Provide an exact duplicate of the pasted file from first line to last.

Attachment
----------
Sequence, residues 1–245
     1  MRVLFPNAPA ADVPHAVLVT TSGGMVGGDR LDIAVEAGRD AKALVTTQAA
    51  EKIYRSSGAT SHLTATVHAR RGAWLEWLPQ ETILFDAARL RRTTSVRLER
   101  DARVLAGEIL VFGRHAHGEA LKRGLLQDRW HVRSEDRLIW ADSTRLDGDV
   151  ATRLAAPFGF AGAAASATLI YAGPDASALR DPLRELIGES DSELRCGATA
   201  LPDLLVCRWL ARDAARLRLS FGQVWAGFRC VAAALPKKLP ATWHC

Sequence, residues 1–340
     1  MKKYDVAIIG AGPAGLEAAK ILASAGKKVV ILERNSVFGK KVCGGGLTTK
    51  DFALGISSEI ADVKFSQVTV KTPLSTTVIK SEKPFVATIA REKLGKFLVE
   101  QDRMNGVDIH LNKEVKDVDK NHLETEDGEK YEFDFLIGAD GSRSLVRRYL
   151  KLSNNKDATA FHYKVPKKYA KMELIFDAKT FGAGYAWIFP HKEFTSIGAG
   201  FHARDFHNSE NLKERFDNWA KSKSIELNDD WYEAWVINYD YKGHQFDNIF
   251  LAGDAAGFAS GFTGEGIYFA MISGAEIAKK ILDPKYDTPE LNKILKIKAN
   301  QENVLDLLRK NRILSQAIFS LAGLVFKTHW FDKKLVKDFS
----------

Sequence, residues 1–245
     1  MRVLFPNAPA ADVPHAVLVT TSGGMVGGDR LDIAVEAGRD AKALVTTQAA
    51  EKIYRSSGAT SHLTATVHAR RGAWLEWLPQ ETILFDAARL RRTTSVRLER
   101  DARVLAGEIL VFGRHAHGEA LKRGLLQDRW HVRSEDRLIW ADSTRLDGDV
   151  ATRLAAPFGF AGAAASATLI YAGPDASALR DPLRELIGES DSELRCGATA
   201  LPDLLVCRWL ARDAARLRLS FGQVWAGFRC VAAALPKKLP ATWHC

Sequence, residues 1–340
     1  MKKYDVAIIG AGPAGLEAAK ILASAGKKVV ILERNSVFGK KVCGGGLTTK
    51  DFALGISSEI ADVKFSQVTV KTPLSTTVIK SEKPFVATIA REKLGKFLVE
   101  QDRMNGVDIH LNKEVKDVDK NHLETEDGEK YEFDFLIGAD GSRSLVRRYL
   151  KLSNNKDATA FHYKVPKKYA KMELIFDAKT FGAGYAWIFP HKEFTSIGAG
   201  FHARDFHNSE NLKERFDNWA KSKSIELNDD WYEAWVINYD YKGHQFDNIF
   251  LAGDAAGFAS GFTGEGIYFA MISGAEIAKK ILDPKYDTPE LNKILKIKAN
   301  QENVLDLLRK NRILSQAIFS LAGLVFKTHW FDKKLVKDFS